He who has a “why” to life can bear almost any “how”. – Friedrich Nietzsche
In this time of giving and gratitude we are also looking at a time that we have been calling “unprecedented”. A time of quarantine, “social distance”, school closures/re-openings, the reorientation of home to work and work to home, the uncertainty of one’s health – of a loved one’s health, the fear of the unknown and unseen, political tension, social tension, COVID numbers going up, hospital bed openings going down, visiting family for the holiday or staying home, it all seems too much. When I feel overwhelmed by the pressures of life I consider where I first heard the quote above by Nietzsche.
I came across this quote while reading Viktor Frankl’s book Man’s Search for Meaning. I will admit, this is not a book you take to the beach to while away the hours. This book, as the title portends, is a journey deep inside the reader’s heart. As this blog is not a “book review” I will not go into much more detail about the book (except to say that I feel everyone should read it). I will point out, however, that as “tough” as we feel we have it now, Mr. Frankl survived Nazi concentration camps and all that was associated with them- death, starvation, hard work, abuse, illness, heartbreak and weariness. How did he, how did they (those who did) push through?! That has long been my question. How do people look at all that is hard/painful in the world and keep going?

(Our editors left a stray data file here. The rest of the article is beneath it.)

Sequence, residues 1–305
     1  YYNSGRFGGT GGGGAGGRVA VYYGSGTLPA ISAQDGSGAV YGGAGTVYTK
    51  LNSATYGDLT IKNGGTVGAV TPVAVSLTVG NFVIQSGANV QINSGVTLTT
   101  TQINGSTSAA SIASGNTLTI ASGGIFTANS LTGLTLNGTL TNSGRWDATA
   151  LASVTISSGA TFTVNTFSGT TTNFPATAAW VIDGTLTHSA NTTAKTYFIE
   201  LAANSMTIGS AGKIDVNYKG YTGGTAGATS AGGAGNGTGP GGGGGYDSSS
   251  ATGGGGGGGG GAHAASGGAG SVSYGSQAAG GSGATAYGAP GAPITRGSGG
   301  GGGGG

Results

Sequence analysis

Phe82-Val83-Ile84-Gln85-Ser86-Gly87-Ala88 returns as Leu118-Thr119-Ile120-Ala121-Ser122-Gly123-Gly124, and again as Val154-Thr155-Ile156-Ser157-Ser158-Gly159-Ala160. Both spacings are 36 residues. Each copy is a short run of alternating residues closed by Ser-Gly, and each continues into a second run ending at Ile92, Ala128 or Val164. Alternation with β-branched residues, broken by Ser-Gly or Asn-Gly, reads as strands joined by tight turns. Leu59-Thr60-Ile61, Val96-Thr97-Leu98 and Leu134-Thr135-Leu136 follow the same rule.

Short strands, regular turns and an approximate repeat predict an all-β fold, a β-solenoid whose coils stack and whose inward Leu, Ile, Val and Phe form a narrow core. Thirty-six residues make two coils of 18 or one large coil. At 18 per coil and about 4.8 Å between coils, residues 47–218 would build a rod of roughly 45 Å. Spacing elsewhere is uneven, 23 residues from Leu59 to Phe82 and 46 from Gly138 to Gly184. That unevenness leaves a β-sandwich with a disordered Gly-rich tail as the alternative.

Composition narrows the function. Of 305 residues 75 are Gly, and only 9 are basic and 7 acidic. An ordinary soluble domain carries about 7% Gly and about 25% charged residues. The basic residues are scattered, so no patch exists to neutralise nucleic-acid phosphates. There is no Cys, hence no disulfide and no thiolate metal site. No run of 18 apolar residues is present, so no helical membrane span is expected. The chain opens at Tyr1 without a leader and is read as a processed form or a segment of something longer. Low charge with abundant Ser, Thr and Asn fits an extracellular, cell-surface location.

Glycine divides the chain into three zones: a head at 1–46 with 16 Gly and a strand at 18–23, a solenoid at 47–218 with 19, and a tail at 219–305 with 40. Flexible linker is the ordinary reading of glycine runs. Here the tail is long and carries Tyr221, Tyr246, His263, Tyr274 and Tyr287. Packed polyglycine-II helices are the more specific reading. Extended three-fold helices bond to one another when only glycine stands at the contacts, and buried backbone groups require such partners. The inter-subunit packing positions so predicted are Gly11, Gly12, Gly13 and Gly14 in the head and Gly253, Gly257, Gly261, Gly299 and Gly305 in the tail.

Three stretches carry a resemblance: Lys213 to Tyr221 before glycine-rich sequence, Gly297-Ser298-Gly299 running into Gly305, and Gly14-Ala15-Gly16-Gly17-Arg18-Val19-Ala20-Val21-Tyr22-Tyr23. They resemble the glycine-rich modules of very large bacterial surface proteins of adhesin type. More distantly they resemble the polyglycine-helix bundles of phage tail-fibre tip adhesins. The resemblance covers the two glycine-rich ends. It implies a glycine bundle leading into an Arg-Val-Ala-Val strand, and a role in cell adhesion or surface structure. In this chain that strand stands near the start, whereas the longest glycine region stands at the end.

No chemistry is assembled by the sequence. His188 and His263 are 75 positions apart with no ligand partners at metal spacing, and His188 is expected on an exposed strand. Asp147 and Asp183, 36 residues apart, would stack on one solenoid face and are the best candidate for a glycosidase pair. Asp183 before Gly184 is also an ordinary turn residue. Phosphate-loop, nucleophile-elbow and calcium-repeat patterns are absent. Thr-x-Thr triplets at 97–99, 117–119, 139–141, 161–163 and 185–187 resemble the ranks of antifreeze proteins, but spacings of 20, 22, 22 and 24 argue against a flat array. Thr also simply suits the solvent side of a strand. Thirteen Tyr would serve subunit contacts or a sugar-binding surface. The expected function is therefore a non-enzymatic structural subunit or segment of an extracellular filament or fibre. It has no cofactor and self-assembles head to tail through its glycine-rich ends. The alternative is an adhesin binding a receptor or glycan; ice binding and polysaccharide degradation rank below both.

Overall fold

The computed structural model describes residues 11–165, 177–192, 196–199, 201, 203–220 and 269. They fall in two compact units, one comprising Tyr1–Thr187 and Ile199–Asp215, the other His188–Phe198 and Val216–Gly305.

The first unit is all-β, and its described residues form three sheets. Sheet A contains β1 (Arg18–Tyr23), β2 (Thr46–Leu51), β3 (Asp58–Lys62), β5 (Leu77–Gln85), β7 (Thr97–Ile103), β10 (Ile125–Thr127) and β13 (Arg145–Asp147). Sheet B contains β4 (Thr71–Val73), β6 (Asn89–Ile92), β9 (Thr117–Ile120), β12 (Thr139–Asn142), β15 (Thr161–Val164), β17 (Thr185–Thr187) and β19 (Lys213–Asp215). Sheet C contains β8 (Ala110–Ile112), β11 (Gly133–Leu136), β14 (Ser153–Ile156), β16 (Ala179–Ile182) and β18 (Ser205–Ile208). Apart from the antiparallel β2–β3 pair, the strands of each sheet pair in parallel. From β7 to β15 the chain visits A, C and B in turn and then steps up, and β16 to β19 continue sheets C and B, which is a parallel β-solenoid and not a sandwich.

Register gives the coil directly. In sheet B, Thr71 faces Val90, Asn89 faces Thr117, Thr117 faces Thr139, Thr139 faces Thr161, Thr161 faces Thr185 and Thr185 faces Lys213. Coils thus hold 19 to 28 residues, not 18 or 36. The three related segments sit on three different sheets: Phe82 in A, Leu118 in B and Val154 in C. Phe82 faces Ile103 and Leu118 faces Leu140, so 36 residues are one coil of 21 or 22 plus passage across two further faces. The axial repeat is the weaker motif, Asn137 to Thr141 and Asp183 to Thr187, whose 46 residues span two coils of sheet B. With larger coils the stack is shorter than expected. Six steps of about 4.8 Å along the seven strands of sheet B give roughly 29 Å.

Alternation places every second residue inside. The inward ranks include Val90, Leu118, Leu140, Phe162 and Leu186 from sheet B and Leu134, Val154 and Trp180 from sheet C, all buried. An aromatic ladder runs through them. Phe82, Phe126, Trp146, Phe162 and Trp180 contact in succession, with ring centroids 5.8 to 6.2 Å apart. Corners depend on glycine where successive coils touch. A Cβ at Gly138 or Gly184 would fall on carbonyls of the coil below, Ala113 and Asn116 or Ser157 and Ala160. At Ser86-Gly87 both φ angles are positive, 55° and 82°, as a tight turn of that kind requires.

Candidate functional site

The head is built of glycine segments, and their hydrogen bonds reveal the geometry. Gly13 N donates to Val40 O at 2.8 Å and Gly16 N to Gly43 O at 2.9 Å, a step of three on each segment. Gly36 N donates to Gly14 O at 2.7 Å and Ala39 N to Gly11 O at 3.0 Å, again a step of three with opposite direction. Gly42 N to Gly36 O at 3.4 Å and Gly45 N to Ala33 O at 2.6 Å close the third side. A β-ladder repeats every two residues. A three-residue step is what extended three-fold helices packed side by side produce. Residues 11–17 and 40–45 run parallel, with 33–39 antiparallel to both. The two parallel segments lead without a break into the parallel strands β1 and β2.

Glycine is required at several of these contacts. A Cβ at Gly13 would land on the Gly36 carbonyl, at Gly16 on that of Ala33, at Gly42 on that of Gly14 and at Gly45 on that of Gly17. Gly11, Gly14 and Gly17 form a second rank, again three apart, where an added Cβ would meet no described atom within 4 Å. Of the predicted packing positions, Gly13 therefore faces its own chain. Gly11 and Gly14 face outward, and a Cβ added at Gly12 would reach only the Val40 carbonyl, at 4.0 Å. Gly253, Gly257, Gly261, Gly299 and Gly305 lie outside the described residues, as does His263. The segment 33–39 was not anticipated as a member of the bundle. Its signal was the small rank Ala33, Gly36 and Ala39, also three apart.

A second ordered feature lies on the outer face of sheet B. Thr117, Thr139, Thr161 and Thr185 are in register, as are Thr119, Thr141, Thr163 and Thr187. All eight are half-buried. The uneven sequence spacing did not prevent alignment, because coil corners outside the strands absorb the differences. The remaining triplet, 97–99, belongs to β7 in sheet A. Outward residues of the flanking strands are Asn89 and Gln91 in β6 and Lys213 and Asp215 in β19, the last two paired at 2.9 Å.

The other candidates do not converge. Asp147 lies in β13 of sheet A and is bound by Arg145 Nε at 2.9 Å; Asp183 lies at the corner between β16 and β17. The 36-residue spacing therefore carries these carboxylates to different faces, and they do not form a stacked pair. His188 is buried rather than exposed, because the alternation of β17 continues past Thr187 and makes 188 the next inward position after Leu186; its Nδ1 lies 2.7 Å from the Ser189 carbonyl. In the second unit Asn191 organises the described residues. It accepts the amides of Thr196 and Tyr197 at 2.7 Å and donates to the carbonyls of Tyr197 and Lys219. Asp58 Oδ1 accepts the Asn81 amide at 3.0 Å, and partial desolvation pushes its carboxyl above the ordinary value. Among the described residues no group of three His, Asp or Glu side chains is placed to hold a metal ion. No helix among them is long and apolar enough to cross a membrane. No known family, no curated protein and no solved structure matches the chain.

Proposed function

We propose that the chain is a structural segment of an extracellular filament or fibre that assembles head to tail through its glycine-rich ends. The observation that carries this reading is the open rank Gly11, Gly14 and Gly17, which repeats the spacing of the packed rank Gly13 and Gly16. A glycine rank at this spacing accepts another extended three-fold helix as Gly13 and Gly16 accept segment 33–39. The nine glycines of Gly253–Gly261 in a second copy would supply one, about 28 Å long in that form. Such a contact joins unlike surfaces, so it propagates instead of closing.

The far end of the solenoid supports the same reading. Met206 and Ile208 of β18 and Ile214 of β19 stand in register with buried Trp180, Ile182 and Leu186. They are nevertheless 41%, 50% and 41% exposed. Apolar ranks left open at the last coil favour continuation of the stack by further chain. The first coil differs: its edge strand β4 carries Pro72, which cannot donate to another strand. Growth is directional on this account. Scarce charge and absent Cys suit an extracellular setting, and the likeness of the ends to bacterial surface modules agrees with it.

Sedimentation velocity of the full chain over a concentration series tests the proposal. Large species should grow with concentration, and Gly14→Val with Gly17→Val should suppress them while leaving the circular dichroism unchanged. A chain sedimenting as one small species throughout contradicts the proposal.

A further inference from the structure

Mr. Nietzsche and Mr. Frankl believe that it is because those resilient souls have a “why”. What does that mean? I have to survive to see my wife, my children, my parents, my grandchildren, healthy, freedom, equality, love. That is the why. Everyone’s is different, unique to that person. Each person’s “why” drives them to do better and to be better. “How” do they push though? BECAUSE they have a “WHY”!
Often, as my children were growing up, I thought, “How will we get past this stage?” Staying up all night, making a mess, saying “no” to everything – school, homework, adolescence, their own moving into parenthood and my position changing. Until now, I have not realized that it wasn’t “how” I got through it that mattered, it was “why”. Pushing through the late nights so that my child would know my commitment, that I would be by her bed when she called for me… no matter what. Wiping up another bowl of whatever while grumbling about my clean floor so she would know I would be there to help bring back order to chaos. Hearing “no” for the gazillionth time so she would know she has a voice and an opinion that is heard. Helping her navigate the larger community in school with new friends to make and new adults to trust – helping her find her place in the lager community. Doing homework with her that I had to admit I didn’t know, to show her my fallibility and that even I had to ask for help. Adolescents watching as she moved further away, but knowing the small lessons of commitment, consistency, validation, empowerment and vulnerability were gifts I gave her to use when she was away from me. She now is a mother and as the grandmother, I get to sit back and watch as she provides these gifts to her children.
Now please, do not see this reflection as me being the perfect mother and/or my daughters being the perfect children…. That is far from the truth. What we are is complementary. The reflections above are those of a grandma that can look back… not the mom who was in the trenches cleaning up more food on the floor. In those times I remember thinking, “How will I survive until they’re grown?” Now that they are grown I realize it is not “how” I survived, it’s “why” I survived. To see them be the loving, kind, strong moms I always prayed they would be. So in this, the most bizarre, holiday season in recent memory, take a moment to consider the “why” in your life and I am certain it will be the reason you use in years to come to explain *how* you pushed through 2020.